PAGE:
The Fremont County Board of Supervisors considered dismissing the evacuation order or some part of it at their April 9 meeting, but decided more information was needed for a decision, and will revisit the issue on April 16.
Fremont County Emergency Management Director Mike Crecelius asked the supervisors if they wanted to rescind any part of the evacuation order. He said he had been asked repeatedly by people when they could get back into their homes, but warned that there were many homes and roads still inaccessible. Crecelius advised at that time everything west of Bluff Road was still under the evacuation order, but Thurman residents had been allowed back in. He warned the supervisors many of the roads were still closed because they hadn't been inspected yet for safety, and MidAmerican Energy wouldn't turn the power on to any flood-affected houses without inspections and approvals from Crecelius.
Supervisor Dustin Sheldon said he had been contacted, too, and he thought people whose houses were not affected should be allowed to return home.
Crecelius repeated his caution that roads remained closed, and added allowing some people to go through road barriers and not others was going to create issues.
“Just the other night,” Crecelius said, “we had someone drive around behind a barrier and hit a sinkhole, totalling his vehicle.”
Deputy Fremont County Attorney Tyler Loontjer questioned the possibility of lifting evacuated areas road by road.
The supervisors considered the idea of leaving the evacuation order in place but allowing residents to sign a waiver accepting the risk if they return to their homes. All pointed out they needed to know who was in what areas in case of emergencies or additional flooding.
Knowing there could be additional flooding in the next week, and wanting to establish some kind of rules and waiver, the supervisors agreed to table the matter another week and revisit it at the next meeting.
The supervisors and Fremont County Engineer Dan Davis had opened bids for two single axle dump trucks for the county at the April 2 meeting, but tabled a decision. Bids for the two trucks were received from Freightliner (Cummins-$157,492 or Detroit-$155,740), Peterbilt ($176,998), Mack (Mack-$207,601 or Alison-$212,023), Kenworth ($185,000) and International ($156,898).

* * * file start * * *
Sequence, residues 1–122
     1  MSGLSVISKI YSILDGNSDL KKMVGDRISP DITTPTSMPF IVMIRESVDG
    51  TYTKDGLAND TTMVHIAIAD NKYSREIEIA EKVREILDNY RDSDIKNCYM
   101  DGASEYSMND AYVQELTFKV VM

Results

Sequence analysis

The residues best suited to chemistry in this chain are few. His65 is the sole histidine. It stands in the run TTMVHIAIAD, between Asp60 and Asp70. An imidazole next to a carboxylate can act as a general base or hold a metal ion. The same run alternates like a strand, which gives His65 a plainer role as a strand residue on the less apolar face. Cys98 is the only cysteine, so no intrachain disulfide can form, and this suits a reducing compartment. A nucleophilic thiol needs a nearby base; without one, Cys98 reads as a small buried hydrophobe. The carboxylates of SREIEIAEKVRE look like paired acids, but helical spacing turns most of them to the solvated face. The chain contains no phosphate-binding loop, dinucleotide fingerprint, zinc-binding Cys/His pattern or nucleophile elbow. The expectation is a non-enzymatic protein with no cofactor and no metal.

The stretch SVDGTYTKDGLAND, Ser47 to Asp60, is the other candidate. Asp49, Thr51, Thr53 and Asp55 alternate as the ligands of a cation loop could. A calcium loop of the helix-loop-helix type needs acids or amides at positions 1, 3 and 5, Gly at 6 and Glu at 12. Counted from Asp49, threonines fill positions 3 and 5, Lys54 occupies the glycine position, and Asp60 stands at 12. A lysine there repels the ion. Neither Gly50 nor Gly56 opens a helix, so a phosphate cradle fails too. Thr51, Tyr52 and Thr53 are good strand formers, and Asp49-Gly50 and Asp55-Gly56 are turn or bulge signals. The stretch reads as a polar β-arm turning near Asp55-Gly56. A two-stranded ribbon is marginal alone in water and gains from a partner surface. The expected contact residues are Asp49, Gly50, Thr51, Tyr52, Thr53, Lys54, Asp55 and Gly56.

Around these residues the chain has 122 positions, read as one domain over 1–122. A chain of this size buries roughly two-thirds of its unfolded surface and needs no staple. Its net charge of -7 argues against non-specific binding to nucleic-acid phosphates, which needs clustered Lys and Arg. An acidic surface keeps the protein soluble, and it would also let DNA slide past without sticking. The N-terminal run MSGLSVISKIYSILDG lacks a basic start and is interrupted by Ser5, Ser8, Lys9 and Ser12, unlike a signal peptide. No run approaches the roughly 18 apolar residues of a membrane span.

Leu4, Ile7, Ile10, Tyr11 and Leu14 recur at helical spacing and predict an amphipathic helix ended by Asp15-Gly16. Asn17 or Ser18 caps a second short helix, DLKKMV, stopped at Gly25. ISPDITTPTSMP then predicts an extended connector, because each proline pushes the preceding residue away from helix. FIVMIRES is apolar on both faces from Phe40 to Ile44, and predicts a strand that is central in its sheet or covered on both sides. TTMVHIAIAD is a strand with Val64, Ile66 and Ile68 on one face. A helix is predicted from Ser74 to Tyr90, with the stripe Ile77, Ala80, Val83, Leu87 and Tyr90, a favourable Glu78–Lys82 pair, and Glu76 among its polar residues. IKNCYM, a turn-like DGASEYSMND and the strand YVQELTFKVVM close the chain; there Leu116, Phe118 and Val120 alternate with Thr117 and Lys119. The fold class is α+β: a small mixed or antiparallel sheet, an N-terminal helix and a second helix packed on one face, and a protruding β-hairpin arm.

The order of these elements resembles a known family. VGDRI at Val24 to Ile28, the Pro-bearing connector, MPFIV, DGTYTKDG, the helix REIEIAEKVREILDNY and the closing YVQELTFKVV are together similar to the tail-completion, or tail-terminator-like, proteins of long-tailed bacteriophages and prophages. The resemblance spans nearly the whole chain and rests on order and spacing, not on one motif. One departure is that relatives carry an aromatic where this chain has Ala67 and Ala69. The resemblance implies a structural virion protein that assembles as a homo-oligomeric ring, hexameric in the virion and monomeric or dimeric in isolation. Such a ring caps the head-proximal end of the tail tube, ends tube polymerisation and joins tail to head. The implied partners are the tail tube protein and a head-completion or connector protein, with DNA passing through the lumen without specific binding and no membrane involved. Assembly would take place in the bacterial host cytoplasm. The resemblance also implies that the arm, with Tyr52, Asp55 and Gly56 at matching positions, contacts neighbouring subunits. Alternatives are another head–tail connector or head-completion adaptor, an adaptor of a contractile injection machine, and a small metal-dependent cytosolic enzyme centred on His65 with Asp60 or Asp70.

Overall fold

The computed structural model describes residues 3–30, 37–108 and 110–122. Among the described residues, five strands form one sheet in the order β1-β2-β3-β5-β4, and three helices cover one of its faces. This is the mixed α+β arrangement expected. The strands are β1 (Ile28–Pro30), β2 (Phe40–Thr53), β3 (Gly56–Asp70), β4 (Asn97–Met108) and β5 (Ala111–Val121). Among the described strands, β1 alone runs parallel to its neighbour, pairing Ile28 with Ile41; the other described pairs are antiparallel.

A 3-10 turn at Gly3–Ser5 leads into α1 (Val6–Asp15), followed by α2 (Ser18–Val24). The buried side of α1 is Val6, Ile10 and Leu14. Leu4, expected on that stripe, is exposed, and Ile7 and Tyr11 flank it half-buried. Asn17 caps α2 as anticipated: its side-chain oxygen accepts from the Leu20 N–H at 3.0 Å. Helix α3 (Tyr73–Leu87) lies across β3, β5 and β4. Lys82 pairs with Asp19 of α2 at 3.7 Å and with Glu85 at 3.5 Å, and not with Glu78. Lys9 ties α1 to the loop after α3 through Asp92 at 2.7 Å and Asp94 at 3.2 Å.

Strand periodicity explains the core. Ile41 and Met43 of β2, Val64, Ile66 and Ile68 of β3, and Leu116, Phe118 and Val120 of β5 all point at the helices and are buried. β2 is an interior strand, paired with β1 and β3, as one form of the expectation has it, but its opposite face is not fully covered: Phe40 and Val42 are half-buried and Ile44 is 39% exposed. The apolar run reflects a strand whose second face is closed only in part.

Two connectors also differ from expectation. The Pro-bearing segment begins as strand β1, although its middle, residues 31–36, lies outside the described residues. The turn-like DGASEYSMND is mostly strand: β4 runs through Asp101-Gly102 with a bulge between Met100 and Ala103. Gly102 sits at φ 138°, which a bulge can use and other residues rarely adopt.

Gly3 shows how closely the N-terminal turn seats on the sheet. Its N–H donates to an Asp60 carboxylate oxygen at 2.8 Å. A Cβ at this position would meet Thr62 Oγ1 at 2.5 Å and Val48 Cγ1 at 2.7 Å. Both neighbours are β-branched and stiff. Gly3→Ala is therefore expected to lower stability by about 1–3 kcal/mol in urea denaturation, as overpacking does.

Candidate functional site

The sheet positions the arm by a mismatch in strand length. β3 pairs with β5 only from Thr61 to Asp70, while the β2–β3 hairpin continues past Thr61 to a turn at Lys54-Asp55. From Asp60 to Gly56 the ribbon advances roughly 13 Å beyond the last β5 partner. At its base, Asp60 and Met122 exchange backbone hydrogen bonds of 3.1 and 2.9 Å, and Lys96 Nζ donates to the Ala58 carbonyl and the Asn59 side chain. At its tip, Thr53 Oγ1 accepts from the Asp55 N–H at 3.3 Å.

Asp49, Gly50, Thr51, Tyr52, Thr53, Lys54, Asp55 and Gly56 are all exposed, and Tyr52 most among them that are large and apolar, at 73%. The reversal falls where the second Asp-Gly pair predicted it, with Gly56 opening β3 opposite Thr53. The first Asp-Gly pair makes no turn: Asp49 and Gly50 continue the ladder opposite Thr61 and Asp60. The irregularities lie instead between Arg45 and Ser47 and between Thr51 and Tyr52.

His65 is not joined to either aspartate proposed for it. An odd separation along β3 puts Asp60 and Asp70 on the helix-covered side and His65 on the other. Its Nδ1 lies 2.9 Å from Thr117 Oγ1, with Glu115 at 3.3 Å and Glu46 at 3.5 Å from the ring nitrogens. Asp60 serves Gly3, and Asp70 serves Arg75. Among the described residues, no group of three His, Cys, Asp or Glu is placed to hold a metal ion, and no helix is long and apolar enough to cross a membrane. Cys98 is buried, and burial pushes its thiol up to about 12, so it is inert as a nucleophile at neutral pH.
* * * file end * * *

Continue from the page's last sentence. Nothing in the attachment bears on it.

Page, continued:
Davis and Jeff Shirley came back with a recommendation that the county buy the Freightliners with the Detroit engines, and the supervisors approved the purchase. Shirley said he had spoken with several other counties about what they were using and heard good things about the Freightliners. Freightliner also had the lowest bid, and the county wanted to get away from the Cummins engines on these trucks.
Davis also asked for and received approval to accept a bid of not to exceed $48,000 from HGM Associates, Inc., to do the bi-annual 2019 fracture critical and routine bridge inspections. This includes approximately 122 structures, federal only. HGM will present a final report in 60 days, with extensions allowed for those structures that cannot be accessed due to flooding.
The supervisors canvassed and approved the results of the SidneySchool District $10 million bond special election held April 2, 2019.
Of registered SidneySchool District residents, 441 people voted on two propositions. The district needed 60 percent of those votes on both propositions to be “yes” for the bond to pass.
Proposition A received 264 “Yes” votes, or 59.86 percent, and 177 “No” votes, or 40.14 percent.
Proposition B received 255 “Yes” votes, or 57.82 percent, and 185 “No” votes, or 41.95 percent, with an undervote of 4 voters who failed to mark either choice. Fremont County Auditor advised the supervisors she would not be surprised if a recount was called, since the vote was so close.
Sandy Graybill presented the supervisors with a letter for rehabilitation assistance and a letter for non-structural alternatives to rehabilitation of flood control works for their approval and signatures. Graybill said the L-575 Levee System, made up of 5 separate Levee Districts: Benton-Washington, McKissockIsland, Buchanan, Northwest Atchison, and Hamburg, had completed their combined SWIF (System-Wide Improvement Framework) plan with the Army Corps of Engineers and just had it approved in November. Graybill said they had not heard back from the Corps yet what their requirements would be, and this latest round of flooding could change those anyway. (The L-575 system starts by Thurman, IA and continues along the Missouri River by Hamburg, IA and into Atchison County, MO and Nemaha County, NE.)
Graybill advised the supervisors there would be many documents that would require signatures or authorization and quick return times over the next several months, and asked how they wanted to handle that. The supervisors agreed to put the matter on the April 16 agenda to establish a system.
At the request of the Fremont County Conservation Board, the supervisors approved a resolution allowing the hire of Kris Henneman and Mike Allen as part-time employees at the golf course, and removing Dallas and Jerry Moores as part-time employees. Henneman and Allen will be paid $8.83 per hour and start April 10.
In other business, the supervisors:
approved renewal of the Williams-Jobe-Gibson Post No. 128 Class C Outdoor Service/Sunday Sales Liquor License, and
appointed Cara Marker-Morgan to act as administrative assistant for the Scott Drainage District.